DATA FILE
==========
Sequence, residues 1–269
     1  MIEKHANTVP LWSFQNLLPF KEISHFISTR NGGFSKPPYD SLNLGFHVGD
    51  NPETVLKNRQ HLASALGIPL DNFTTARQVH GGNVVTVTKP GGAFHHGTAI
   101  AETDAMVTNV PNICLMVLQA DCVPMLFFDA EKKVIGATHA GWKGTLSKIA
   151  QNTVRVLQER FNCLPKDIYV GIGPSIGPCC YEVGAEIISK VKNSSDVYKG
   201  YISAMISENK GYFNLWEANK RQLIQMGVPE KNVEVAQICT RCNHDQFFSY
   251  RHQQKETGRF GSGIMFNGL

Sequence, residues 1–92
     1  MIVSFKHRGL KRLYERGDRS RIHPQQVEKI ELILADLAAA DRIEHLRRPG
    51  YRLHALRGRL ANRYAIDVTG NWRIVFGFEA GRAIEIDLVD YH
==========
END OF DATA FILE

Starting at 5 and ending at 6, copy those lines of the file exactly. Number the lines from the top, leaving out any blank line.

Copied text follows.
   151  QNTVRVLQER FNCLPKDIYV GIGPSIGPCC YEVGAEIISK VKNSSDVYKG
   201  YISAMISENK GYFNLWEANK RQLIQMGVPE KNVEVAQICT RCNHDQFFSY